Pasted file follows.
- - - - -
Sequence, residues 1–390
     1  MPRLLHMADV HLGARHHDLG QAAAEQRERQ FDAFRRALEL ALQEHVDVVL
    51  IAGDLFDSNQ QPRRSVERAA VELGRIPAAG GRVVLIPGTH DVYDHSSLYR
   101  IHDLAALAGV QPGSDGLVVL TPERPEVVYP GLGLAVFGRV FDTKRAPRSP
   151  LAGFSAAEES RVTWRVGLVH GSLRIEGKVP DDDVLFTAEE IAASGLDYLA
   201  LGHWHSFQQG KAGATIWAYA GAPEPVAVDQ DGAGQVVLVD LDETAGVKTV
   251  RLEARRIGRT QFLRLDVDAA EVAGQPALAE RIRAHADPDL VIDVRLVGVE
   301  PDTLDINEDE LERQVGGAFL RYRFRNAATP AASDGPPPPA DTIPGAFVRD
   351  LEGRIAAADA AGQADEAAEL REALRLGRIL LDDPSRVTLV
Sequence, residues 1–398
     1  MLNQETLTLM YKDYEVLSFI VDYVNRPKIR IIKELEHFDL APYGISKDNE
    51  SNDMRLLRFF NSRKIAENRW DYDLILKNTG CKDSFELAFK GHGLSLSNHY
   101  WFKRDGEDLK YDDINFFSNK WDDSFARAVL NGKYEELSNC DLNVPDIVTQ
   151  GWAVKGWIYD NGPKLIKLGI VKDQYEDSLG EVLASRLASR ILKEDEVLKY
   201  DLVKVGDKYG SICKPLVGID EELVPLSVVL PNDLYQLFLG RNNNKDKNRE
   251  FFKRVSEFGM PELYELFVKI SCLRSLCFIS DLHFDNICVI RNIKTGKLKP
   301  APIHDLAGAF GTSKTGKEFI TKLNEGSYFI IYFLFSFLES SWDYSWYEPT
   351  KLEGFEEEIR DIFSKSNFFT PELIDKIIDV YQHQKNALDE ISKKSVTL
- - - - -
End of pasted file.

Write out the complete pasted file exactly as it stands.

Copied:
Sequence, residues 1–390
     1  MPRLLHMADV HLGARHHDLG QAAAEQRERQ FDAFRRALEL ALQEHVDVVL
    51  IAGDLFDSNQ QPRRSVERAA VELGRIPAAG GRVVLIPGTH DVYDHSSLYR
   101  IHDLAALAGV QPGSDGLVVL TPERPEVVYP GLGLAVFGRV FDTKRAPRSP
   151  LAGFSAAEES RVTWRVGLVH GSLRIEGKVP DDDVLFTAEE IAASGLDYLA
   201  LGHWHSFQQG KAGATIWAYA GAPEPVAVDQ DGAGQVVLVD LDETAGVKTV
   251  RLEARRIGRT QFLRLDVDAA EVAGQPALAE RIRAHADPDL VIDVRLVGVE
   301  PDTLDINEDE LERQVGGAFL RYRFRNAATP AASDGPPPPA DTIPGAFVRD
   351  LEGRIAAADA AGQADEAAEL REALRLGRIL LDDPSRVTLV
Sequence, residues 1–398
     1  MLNQETLTLM YKDYEVLSFI VDYVNRPKIR IIKELEHFDL APYGISKDNE
    51  SNDMRLLRFF NSRKIAENRW DYDLILKNTG CKDSFELAFK GHGLSLSNHY
   101  WFKRDGEDLK YDDINFFSNK WDDSFARAVL NGKYEELSNC DLNVPDIVTQ
   151  GWAVKGWIYD NGPKLIKLGI VKDQYEDSLG EVLASRLASR ILKEDEVLKY
   201  DLVKVGDKYG SICKPLVGID EELVPLSVVL PNDLYQLFLG RNNNKDKNRE
   251  FFKRVSEFGM PELYELFVKI SCLRSLCFIS DLHFDNICVI RNIKTGKLKP
   301  APIHDLAGAF GTSKTGKEFI TKLNEGSYFI IYFLFSFLES SWDYSWYEPT
   351  KLEGFEEEIR DIFSKSNFFT PELIDKIIDV YQHQKNALDE ISKKSVTL